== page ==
Live Long and Prosper

During the brief interlude of spring-like weather we had recently, even with patches of snow still on the ground, I spotted a butterfly flitting through the forest. It was a Mourning Cloak (Nymphalis antiopa), named long ago for its dark-brownish black wings colored like the cloak of a person in mourning. How could this butterflyContinue reading “Live Long and Prosper”

Behold the Timberdoodle

Labrador Twister. Bogsucker. Mudsnipe. Hokumpoke. Timberdoodle. These are just some of the colorful names for the American Woodcock (Scolopax minor), a robin-sized, inland shorebird whose courtship displays, unknown to most of us, are an amazing spring phenomenon. It’s now time to listen for them. Newly arrived from its wintering grounds in the southern United States,Continue reading “Behold the Timberdoodle”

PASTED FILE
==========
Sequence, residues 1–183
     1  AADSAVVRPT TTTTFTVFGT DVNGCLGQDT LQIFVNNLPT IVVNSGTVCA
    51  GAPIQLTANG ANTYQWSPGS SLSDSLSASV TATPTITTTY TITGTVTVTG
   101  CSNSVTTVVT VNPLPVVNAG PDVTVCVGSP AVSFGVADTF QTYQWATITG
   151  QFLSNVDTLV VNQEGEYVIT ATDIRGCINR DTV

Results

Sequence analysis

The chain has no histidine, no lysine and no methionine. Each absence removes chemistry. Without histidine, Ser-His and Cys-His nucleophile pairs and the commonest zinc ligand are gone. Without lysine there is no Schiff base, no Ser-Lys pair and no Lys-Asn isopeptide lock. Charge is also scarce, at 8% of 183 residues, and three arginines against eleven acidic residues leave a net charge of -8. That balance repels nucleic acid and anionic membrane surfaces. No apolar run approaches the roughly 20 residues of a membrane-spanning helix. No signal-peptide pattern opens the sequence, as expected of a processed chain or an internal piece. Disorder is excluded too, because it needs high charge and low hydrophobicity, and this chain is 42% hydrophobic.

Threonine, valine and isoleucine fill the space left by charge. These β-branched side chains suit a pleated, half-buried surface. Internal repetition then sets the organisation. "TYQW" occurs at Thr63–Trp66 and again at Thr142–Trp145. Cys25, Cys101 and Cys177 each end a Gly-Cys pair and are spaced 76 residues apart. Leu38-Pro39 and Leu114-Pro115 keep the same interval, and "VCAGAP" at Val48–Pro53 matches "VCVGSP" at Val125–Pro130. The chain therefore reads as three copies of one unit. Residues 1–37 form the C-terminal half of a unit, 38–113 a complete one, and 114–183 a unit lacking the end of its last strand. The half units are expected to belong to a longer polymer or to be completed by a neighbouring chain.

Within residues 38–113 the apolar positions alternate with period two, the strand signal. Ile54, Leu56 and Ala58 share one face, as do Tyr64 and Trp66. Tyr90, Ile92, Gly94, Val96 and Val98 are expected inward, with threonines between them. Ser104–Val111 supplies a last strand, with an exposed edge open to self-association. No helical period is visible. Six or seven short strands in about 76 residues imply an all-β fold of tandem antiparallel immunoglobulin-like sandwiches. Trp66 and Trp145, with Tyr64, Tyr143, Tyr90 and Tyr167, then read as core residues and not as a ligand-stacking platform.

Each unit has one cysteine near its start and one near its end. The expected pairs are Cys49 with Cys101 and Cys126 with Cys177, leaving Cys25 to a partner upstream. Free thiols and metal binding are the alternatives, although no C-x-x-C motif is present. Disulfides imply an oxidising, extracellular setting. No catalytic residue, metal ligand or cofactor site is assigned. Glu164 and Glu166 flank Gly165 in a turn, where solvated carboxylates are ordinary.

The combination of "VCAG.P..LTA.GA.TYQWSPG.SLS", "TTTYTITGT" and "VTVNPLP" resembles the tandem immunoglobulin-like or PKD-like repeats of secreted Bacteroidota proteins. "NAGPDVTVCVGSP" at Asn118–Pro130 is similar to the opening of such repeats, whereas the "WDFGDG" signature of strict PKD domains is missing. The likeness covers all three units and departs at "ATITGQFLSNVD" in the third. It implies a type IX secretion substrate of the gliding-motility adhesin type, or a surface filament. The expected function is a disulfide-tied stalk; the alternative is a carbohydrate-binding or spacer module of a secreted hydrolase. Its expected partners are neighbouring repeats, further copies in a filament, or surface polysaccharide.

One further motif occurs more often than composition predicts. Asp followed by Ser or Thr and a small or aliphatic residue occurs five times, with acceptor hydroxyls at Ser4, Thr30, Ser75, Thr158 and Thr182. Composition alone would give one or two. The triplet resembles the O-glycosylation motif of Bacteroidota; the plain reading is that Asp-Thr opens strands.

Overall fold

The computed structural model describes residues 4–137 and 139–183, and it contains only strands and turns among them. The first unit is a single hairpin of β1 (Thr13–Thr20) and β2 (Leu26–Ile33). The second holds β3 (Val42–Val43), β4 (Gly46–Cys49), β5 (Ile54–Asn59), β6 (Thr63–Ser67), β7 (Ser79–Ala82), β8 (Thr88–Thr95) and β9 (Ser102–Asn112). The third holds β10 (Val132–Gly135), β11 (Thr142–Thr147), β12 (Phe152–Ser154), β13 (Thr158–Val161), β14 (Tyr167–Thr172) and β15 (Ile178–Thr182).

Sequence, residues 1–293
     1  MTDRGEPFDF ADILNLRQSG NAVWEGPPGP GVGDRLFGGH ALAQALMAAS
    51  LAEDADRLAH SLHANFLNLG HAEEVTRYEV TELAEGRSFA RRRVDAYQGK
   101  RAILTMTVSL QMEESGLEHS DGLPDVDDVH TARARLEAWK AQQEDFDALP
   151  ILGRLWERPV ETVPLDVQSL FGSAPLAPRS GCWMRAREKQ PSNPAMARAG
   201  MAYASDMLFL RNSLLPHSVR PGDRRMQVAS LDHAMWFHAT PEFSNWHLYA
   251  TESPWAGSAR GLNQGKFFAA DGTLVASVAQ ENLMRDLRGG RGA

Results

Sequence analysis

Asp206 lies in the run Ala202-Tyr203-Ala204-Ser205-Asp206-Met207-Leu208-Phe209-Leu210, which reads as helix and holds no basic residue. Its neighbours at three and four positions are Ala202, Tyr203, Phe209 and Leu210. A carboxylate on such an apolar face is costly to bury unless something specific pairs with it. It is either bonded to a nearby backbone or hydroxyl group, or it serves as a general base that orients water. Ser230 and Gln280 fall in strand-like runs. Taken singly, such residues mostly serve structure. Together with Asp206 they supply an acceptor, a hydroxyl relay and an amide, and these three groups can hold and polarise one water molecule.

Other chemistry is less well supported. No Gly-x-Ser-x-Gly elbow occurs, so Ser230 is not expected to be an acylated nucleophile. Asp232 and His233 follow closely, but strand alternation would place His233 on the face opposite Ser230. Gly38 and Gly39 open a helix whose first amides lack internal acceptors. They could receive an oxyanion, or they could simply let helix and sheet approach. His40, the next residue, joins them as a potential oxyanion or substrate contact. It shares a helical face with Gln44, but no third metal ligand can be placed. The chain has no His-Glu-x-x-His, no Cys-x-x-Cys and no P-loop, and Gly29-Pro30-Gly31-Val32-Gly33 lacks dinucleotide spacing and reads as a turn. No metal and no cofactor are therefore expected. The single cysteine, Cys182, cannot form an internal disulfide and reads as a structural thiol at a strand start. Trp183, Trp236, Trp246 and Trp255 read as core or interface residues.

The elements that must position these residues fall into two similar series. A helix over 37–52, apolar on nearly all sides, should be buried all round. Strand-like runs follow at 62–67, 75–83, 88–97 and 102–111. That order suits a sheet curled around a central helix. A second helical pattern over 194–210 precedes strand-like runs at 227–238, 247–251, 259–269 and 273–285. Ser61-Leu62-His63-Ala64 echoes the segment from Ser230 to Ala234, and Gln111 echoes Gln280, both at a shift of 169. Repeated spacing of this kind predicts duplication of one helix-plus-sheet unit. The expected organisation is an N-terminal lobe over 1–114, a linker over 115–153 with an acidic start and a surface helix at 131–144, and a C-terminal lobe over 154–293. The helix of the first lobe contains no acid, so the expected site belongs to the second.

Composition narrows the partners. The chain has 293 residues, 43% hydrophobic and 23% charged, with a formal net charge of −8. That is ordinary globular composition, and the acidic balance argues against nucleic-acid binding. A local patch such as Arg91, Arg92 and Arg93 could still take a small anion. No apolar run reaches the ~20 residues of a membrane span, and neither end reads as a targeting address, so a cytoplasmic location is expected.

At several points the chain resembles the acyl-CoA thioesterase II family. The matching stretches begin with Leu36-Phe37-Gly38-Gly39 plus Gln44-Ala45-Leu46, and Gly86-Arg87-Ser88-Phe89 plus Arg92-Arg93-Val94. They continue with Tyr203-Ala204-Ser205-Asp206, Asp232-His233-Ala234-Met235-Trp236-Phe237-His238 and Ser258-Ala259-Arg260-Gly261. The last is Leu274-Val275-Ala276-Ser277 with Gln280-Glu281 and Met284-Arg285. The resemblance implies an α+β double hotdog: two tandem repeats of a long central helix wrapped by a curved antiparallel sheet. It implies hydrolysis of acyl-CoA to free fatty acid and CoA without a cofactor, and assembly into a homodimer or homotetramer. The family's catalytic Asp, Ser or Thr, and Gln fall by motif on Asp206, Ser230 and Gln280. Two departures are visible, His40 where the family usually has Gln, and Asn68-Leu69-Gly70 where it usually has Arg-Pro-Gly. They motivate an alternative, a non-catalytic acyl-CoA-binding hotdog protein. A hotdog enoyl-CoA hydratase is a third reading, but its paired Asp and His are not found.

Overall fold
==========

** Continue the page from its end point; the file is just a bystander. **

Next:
In the Dead of Winter, A Flash of Fragrance

When leading nature walks in winter, I like to point out that nature is not dead, only resting and waiting for the rebirth of spring. Even now, there are plenty of things to see and do in the winter woods. On your next outdoor walk, try looking for signs of herbivores. White-tailed Deer (Odochoileus virginianus)Continue reading “In the Dead of Winter, A Flash of Fragrance”

Something to Hoot About

I am a light sleeper. I was awakened before dawn the other day by a pair of Great Horned Owls (Bubo virginianus) serenading in a large spruce tree outside my window. The male’s deep, resonant but soft “whoo who-who-who whoooooo whoooooo” was immediately followed by the female’s slightly higher call, and they continued back andContinue reading “Something to Hoot About”

Autumn Calls of Spring Peepers

Many people associate the call of peepers, the smallest frog in Connecticut, with the arrival of spring. Recently, while hiking on a warm fall day, I heard the “peeping” of Spring Peepers (Pseudacris crucifer). It wasn’t the huge chorus you usually hear at vernal pools and shallow ponds in March and April. It was justContinue reading “Autumn Calls of Spring Peepers”